The NM Political Report
The bill that would repeal a state statute that criminalizes abortion care in New Mexico is now headed to Gov. Michelle Lujan Grisham’s desk after the House of Representatives passed it on a 40 to 30 vote.
This is a priority bill for Lujan Grisham and she has indicated that she would sign it into law.
The House of Representatives took up SB 10 instead of HB 7, which are mirror bills. SB 10 already passed the state Senate by a vote of 25 to 17 on February 12, and was amended to clarify the bill’s title. Each chamber must pass identical legislation before it can be sent to the governor.
Just as during the Senate floor debate, Republicans in the House attempted to amend the bill and argued for hours over keeping the section of the law that is considered by some healthcare workers as a refusal clause. But the New Mexico Medical Society and other physician groups support the law’s full repeal and the lead sponsor of the House bill, Rep. Micaela Lara Cadena, a Democrat from Mesilla, argued that there are already provisions in place to protect healthcare workers who object to providing care. . . [Full Text]
SANTA FE — For a few hours Friday night, New Mexico legislators shared stories about watching their loved ones die.Her daughter, Erin, now faces an inoperable brain tumor.
In a debate on the House floor, Democratic Rep. Deborah Armstrong of Albuquerque walked her colleagues through the final days of life of her father in law and, later, a close friend. . .
The tearful debate culminated in 39-27 vote to endorse a proposal that would allow terminally ill patients to seek a doctor’s help to end their life — the first time a medical aid-in-dying bill has passed a chamber of the state Legislature. The legislation, House Bill 47, now heads to the Senate. . . [Full text]
Dan Boyd, Dan McKay
SANTA FE – Discussions about abortion laws in New Mexico have always had moral and religious overtones.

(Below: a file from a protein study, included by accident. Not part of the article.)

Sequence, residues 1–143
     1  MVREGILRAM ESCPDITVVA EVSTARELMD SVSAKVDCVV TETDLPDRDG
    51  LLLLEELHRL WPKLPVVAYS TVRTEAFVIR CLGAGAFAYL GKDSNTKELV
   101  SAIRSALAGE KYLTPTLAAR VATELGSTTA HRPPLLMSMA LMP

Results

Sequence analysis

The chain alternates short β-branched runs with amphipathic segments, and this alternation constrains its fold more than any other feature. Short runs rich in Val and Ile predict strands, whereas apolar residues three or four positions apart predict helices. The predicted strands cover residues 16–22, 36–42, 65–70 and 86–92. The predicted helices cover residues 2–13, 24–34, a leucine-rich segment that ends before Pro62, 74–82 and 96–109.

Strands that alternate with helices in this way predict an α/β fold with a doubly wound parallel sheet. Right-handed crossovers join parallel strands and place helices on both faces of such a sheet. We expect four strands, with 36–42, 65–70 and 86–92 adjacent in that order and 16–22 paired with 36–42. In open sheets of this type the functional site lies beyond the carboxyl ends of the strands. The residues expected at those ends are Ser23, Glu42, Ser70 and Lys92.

But this year’s debate at the Roundhouse over bills to repeal a long-dormant 1969 state abortion ban has also hinged on a “conscience clause” in the abortion statute that allows health care practitioners to decide not to participate in such procedures.
Critics of the legislation, which passed the Senate last week and could move quickly through the House, say repealing the abortion ban would lead to an exodus of health care workers, especially in rural New Mexico.
But backers claim the argument is a red herring and point to other conscience protections in state and federal law that would remain in place if the abortion law is repealed. . . [Full text]
The New Mexico Political Report
Two years after a group of conservative Democrats, along with Republicans voted against decriminalizing abortion care, the state Senate passed SB 10 Thursday, 25 to 17.
SB 10, sponsored by state Sen. Linda Lopez, D-Albuquerque, is called the Respect New Mexico Women and Families Act and has a mirror bill, HB 7, sponsored by Rep. Micaela Lara Cadena, D-Mesilla. The two bills remove three sections from the criminal code which, in 1969, banned abortion with some limited exceptions.
The law has repeatedly been called archaic and advocates for its repeal said it included language contrary to how medicine is currently practiced. . . . [Full text]
The NM Political Report
The House Health and Human Services Committee approved a bill that would decriminalize abortion by a vote of 8 to 3, including one Republican who crossed the aisle.
State House Rep. Phelps Anderson, a Republican from Roswell, sided with the seven Democrats on the committee who voted yes to HB 7. Just before the bill went to vote, Anderson expressed some of his views.
“Many people who have spoken to me have expressed strong opinions but I find myself saying I’m not sure one voting yes or no changes anything that is very important to me and, secondly, the issues that have been raised are not encompassed within this bill,” Anderson said.
HB 7 will, if it passes the full New Mexico Legislature, repeal a law written in 1969. The law bans abortion except for cases of incest, rape, the life of the patient or severe mental or physical problems for the fetus. The law is not enforceable because of the landmark U.S. Supreme Court Roe v. Wade decision. . . . [Full text]